Here is where I get to share a bit more good news. When the investigators visited in mid-January of this year, they found two of the three pens at the Presidio facility completely empty. Each of the three pens was owned by a different company.
One pen was covered in trash and contained buildings that were caving in and in complete disrepair. Yet another pen had empty transport trailers parked on the lot and a significant amount of broken fencing. During the time the investigative team was on site, there was no activity at all.
The last pen had approximately 40 horses present, with USDA tags on most of them that indicated they were bound for the slaughterhouse in Mexico. Let me share the conclusions drawn by the investigators after their visit to the Presidio pens:
Overall, the impact of the EU ban of Mexican horse meat and the general decrease in demand for the meat were clearly visible. During previous visits to the Presidio export facilities, at least five U.S. trucks per day were observed delivering horses and between four and six loads of horses were exported to Mexico. During the recent three-day investigation, only one U.S. truck was observed delivering horses and not a single Mexican truck arrived to export horses to Mexico.
Recently I spoke to Temple Grandin. While she was unwilling to offer an on-the-record viewpoint about horse slaughter, she had some strong words to say regarding the transport of horses, for any reason.
We should not be transporting animals that are not fit to be transported, no matter what kind of animal, period.Temple Grandin, Ph.D.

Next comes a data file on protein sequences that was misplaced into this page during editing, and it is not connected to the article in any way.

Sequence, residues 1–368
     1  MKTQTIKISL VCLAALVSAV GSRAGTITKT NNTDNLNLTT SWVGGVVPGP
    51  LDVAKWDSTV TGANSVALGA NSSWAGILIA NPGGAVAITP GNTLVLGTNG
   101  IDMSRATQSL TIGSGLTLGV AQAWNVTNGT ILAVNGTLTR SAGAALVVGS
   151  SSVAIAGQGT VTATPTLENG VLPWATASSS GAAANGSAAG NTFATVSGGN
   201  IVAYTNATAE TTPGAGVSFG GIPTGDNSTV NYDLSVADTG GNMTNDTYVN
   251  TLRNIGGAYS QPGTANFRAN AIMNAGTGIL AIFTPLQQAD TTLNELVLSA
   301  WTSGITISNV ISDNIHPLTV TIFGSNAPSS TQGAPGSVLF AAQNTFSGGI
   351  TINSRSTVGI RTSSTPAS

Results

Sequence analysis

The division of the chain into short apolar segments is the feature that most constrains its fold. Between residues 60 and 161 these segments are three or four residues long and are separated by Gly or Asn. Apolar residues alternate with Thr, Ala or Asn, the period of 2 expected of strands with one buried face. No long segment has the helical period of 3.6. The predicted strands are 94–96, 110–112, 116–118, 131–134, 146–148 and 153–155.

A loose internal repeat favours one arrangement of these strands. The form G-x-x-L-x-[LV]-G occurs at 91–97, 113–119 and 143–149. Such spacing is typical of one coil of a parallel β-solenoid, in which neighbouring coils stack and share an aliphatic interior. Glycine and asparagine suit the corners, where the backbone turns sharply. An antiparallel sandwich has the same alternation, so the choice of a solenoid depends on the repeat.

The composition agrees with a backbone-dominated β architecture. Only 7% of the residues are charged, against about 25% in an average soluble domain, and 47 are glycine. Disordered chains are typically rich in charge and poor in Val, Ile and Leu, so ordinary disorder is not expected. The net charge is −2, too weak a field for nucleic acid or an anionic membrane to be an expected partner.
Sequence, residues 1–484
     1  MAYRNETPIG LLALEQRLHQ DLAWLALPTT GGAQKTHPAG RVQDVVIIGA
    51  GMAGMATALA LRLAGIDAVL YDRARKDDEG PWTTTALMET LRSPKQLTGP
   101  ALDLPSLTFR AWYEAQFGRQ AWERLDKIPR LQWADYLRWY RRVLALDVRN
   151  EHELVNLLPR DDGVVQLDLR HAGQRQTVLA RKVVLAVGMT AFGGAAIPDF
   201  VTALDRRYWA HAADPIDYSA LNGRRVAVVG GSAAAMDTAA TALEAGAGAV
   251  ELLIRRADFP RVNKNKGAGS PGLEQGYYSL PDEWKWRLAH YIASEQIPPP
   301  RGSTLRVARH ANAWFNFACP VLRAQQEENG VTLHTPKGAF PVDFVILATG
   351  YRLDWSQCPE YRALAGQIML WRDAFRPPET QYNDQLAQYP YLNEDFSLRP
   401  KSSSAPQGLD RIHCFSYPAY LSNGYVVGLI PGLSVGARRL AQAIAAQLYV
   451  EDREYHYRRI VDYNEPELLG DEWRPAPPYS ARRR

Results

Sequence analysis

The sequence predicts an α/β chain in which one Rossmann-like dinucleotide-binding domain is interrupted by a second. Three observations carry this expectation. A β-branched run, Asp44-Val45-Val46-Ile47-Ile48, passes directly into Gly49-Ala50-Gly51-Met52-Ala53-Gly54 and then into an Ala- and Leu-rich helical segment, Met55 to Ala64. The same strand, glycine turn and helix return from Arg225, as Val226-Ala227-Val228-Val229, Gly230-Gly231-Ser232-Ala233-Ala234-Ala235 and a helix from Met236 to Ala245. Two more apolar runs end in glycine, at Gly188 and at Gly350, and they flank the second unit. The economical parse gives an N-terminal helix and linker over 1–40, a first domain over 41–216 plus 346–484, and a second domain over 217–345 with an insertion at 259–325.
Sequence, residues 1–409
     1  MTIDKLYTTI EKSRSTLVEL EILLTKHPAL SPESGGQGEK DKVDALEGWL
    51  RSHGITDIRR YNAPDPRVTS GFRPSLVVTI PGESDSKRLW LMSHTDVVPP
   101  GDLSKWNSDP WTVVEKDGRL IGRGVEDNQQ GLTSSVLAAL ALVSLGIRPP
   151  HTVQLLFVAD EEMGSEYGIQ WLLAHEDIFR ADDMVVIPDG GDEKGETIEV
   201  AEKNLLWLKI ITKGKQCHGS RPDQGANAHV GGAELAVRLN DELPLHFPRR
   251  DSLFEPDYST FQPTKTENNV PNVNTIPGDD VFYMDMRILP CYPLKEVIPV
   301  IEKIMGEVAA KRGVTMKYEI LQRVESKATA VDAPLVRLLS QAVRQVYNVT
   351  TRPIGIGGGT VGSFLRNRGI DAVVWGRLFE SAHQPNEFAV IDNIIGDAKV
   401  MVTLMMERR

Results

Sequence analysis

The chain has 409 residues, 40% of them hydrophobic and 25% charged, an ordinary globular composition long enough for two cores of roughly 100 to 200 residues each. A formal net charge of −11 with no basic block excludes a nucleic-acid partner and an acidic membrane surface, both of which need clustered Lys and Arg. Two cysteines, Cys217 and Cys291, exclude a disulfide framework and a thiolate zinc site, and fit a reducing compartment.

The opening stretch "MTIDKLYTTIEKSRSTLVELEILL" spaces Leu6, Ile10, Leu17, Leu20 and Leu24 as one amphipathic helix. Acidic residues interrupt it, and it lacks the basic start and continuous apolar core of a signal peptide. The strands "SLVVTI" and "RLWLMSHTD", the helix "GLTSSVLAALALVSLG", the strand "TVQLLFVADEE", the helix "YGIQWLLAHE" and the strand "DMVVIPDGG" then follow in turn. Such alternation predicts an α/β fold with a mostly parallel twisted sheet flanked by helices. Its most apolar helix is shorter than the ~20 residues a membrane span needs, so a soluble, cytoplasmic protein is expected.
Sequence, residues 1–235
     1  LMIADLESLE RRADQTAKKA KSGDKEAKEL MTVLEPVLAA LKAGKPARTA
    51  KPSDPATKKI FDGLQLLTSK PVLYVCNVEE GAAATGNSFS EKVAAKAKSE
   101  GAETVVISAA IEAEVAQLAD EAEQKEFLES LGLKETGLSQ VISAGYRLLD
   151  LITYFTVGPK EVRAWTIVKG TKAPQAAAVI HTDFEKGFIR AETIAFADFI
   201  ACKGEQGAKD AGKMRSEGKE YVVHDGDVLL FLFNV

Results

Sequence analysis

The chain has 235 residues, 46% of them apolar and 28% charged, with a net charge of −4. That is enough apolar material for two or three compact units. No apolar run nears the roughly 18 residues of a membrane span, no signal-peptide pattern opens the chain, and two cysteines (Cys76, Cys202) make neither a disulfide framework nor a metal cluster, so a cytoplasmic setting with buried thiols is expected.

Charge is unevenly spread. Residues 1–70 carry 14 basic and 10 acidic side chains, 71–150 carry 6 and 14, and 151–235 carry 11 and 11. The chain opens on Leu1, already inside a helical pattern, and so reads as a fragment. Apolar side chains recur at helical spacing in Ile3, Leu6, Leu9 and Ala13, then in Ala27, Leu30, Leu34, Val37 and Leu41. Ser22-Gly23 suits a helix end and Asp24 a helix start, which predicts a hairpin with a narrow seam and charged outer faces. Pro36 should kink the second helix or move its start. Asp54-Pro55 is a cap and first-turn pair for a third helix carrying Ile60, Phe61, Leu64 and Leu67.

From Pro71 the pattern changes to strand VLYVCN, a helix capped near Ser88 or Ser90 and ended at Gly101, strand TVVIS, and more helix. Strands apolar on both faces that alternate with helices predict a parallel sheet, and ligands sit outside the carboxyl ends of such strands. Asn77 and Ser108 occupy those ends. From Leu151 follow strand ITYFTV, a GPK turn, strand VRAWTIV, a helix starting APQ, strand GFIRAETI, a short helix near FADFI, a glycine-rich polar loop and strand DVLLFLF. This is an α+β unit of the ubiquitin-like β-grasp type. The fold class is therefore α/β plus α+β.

If you have been following this slaughter series at all, you know that I began writing these posts because I completed a USDA Slaughter Horse Transport module for my veterinary certification requirements. My first post described my horror at realizing that although there are apparently some regulations regarding which horses were deemed fit to transport to slaughter, no one is enforcing them.
That lack of enforcement is substantiated by the Investigative Report. It states:
Federal regulations aiming to protect the welfare of slaughter horses do exist. However, enforcement of the Commercial Transport of Equines to Slaughter Regulation is virtually nonexistent due to lack of funding for the U.S. Department of Agriculture’s Equine Slaughter Horse Protection Program.
For example, public records obtained from the Texas Department of Agriculture’s export pen in Socorro show that almost every shipment was in violation of the regulation. Of the 73 total shipments that left the pen in 2021, 19 were rejected by Mexican authorities for stallions mixed in with geldings and mares, 39 for horses with infected wounds and 15 for incorrect information (wrong sex; wrong microchip; incorrect health certificate).
Allow me to share some of what is contained in that USDA Veterinary module…
All of those “official” regulations are not worth the internet they are printed on. In addition to the countless violations documented by the investigators, there were concerns about the risk to Americans sharing the road with these transport trucks. There is little to no enforcement of normal trucking regulations. Drivers do not keep accurate logs and disregard maximum continuous driving times. They drive erratically, making it even harder for their cargo to remain standing in a slippery trailer full of manure, while simultaneously posing a hazard to other drivers. These transgressions are documented by the Federal Motor Carrier Safety Authority.
While what I have just described is horrendous in every sense of the word, the good news remains that the numbers of horses going to slaughter is dropping every year. The conclusion here is twofold… no horse should ever be subjected to the atrocities I just described, and there is no longer any reason to continue this practice because the demand for horse meat is dwindling.
The last part of this report discusses the actual slaughter plants. I haven’t decided if or when I will do a deeper dive into what they learned. Next week’s post will be the first of several about the BLM “management” of Mustangs. I have interviews scheduled with some of the most knowledgeable individuals in the country regarding the cattle industry’s push to exterminate any competition for range land.